Take a final bow: Last year of “A Christmas Carol”


It’s a story that has redefined the meaning of Christmas – and the spirit of giving – for decades.

“It gets me deep down. It strikes a nerve in me that is deep and profound,” The Funhouse founder Jim Bredouw said.

This is the fifth and final time that Bredouw will be producing “A Christmas Carol” by Charles Dickens at Orcas Center. Performed every three years as a fundraiser for the Funhouse, it has become an anticipated holiday event for the Orcas community.

Bredouw developed the concept in 1999 when he was helping build the Funhouse.

“’A Christmas Carol’ had a huge influence on my outlook – that giving is more fun than receiving,” he said. “I realized the Funhouse wouldn’t exist without it. So I had this idea as a fundraiser.”

Bredouw called the Orcas Center for guidance, and Deborah Sparks, theatre productions director, offered to help.

“My complete ignorance would have scotched the project if she hadn’t stepped in,” Bredouw said. “Even though I thought up the idea, this is Sparks’ baby.”

As a musician who wrote original compositions for commercials, Bredouw was new to theatre. But he wrote the score and a handful of songs for the play, and Sparks wrote new scenes to accompany some of the music.

After performing it in 1999 and 2000, Bredouw and Sparks decided to produce the play every three years, as it’s such a huge production.

Of the more than 75 cast and crew members, between 15 and 20 have been with the play since its debut. Gabriel Olmsted has played Scrooge for each production.

“He is the definitive scrooge,” Bredouw said. “I can’t imagine anyone else. People who go to theatre in New York, L.A., and San Francisco have told me he is the best they’ve ever seen.”

Olmsted, who now lives in Anacortes, has had to commute for rehearsals.

“It’s a huge effort for him, but he never complains,” Bredouw said.

Other lead roles include Dave Zoeller as Bob Crachet, Susan Osborn as the Ghost of Christmas Present, Gracie Thompson is the Ghost of Christmas Past, David Densmore as Marley’s Ghost, Grace McCune as Belle, Bob Littlewood as the narrator and Fezziwig, John Clancy as nephew Fred, Freddy Hinkle as the head thief, and Martin Lund as the mad keyboard thief. Orcas A Capella, led by Dennis Bonner, will be singing and playing villagers.

This is the final year that Bredouw and Sparks will be putting on the show, but Bredouw is confident that someone else will take over the production, as it’s “such a great story.”

The event raises between $10,000 and $15,000 for the Funhouse. It sells out every year, and because it’s the last year, Bredouw thinks it might sell out before opening night, which would be a first.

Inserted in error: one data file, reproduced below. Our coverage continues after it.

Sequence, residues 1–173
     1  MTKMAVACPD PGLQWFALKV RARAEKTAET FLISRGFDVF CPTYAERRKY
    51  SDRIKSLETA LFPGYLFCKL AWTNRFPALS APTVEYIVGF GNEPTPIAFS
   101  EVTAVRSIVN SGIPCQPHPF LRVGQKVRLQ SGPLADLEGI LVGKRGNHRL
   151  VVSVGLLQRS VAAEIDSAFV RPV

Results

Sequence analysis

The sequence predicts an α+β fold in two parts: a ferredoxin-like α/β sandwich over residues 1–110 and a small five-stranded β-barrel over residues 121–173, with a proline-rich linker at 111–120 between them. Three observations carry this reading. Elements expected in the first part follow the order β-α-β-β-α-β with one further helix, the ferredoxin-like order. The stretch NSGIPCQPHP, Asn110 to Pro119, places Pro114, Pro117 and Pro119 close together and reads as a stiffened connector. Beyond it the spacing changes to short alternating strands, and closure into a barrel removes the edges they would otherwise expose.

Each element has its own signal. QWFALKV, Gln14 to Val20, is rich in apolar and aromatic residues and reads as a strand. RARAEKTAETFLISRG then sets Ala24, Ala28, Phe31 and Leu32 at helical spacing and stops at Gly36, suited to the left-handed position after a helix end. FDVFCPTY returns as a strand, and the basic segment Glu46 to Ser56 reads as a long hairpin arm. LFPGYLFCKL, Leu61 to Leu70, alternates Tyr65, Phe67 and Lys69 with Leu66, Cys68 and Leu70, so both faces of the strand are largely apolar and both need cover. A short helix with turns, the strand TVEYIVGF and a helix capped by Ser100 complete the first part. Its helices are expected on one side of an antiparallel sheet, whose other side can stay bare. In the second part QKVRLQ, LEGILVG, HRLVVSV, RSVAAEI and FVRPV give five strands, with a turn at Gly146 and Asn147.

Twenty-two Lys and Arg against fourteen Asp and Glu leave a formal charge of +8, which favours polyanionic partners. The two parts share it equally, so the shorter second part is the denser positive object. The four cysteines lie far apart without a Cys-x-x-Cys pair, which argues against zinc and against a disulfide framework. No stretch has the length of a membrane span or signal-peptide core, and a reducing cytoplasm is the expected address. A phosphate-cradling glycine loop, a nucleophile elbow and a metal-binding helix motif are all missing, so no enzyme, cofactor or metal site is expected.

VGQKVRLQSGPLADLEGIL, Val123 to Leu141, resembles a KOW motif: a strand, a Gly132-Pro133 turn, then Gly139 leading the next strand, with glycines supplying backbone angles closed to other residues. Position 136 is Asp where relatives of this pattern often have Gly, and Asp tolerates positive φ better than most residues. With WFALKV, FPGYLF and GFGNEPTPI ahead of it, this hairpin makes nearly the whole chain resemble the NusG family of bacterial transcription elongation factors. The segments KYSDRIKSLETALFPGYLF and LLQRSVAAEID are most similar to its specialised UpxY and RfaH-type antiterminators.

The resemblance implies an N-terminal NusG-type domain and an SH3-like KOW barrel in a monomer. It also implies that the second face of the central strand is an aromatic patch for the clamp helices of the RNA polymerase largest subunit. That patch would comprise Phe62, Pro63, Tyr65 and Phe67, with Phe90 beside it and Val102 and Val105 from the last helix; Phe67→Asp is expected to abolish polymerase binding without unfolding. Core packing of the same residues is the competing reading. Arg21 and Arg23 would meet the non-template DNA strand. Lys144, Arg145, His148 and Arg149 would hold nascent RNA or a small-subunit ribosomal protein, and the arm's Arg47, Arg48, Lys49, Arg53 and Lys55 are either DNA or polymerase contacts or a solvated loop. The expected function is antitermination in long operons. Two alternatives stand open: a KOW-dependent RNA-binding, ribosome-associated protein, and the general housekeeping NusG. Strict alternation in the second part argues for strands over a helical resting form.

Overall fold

The play is 75 minutes from top to bottom, without an intermission. With six songs, 25 musical underscoring cues, and 25 scenes, Bredouw says it feels like a two-hour show.

The cast ranges in age from five to 75 years old, and a quarter of them are young people.

“It’s very gratifying to watch the camaraderie and lack of barriers (between the actors). They all treat each other equally. It’s quite beautiful,” Bredouw said. “We’ve always had teen boys in the show, which is a hard demographic to get. It’s hard to find teens who are willing to come on stage and do a sentimental piece.”

The production has always been emotional for Bredouw, and this year is bittersweet because it’s his last.

“I always cry at every single rehearsal and show. I cried when I wrote the songs,” he said.

Bredouw says Sparks makes him write a new song for each production, so the audience will be hearing a fresh tune. Also new is McCune’s children’s choir, which will open the show.

Sparks calls her involvement with the play “a gift.”

“I enjoy writing adaptations of books into plays, so that was a great opportunity and gift Jim gave me when he decided to do this story and asked me to write it,” she said. “And then, adding his music, that was so exciting to me. Doing a project with the same people time after time is like working with a finely tuned ensemble. Aside from rehearsals going swiftly, each little addition or change becomes a special moment that we can all appreciate together as we work. It has been all the best parts of a family reunion – we come together with an intention to have fun and be creative, then we go off to our own lives, knowing we will happily do it again, sometime. This being our last time together, in this way, only means our collective interpretation of this aged old story gets to evolve into something new in the future.”

Sparks says that aspect is one of the best parts of theatre.

“It’s an art form that reinterprets a story over and over, so that the story, like our culture, lives on and evolves as imaginations evolve.”

Dates and times

“A Christmas Carol” will be performed Wednesday through Saturday, December 16 to 19, at 7:30 p.m. On Saturday, Dec.19, there will be a performance at 2 p.m. and 7:30 p.m. Tickets are $24, $20 (Orcas Center members), $15 (students and seniors), and $7 (for the Saturday matinee).

Soup and chili served before “A Christmas Carol”

The Orcas Center Board of Trustees offers a Holiday Soup and Chili Supper one night only, on Wednesday, December 16 beginning at 5:30 p.m.

The supper will be served in the Madrona Room prior to the opening night performance of “A Christmas Carol.” The meal includes a choice of chili with meat, minestrone with chicken or vegetarian minestrone, salad, roll or chips, hot cider or apple juice, and dessert. The cost is $10 for adults and $8 for children 12 and under. Wine is also available for sale. All net proceeds benefit Orcas Center’s programming and operations.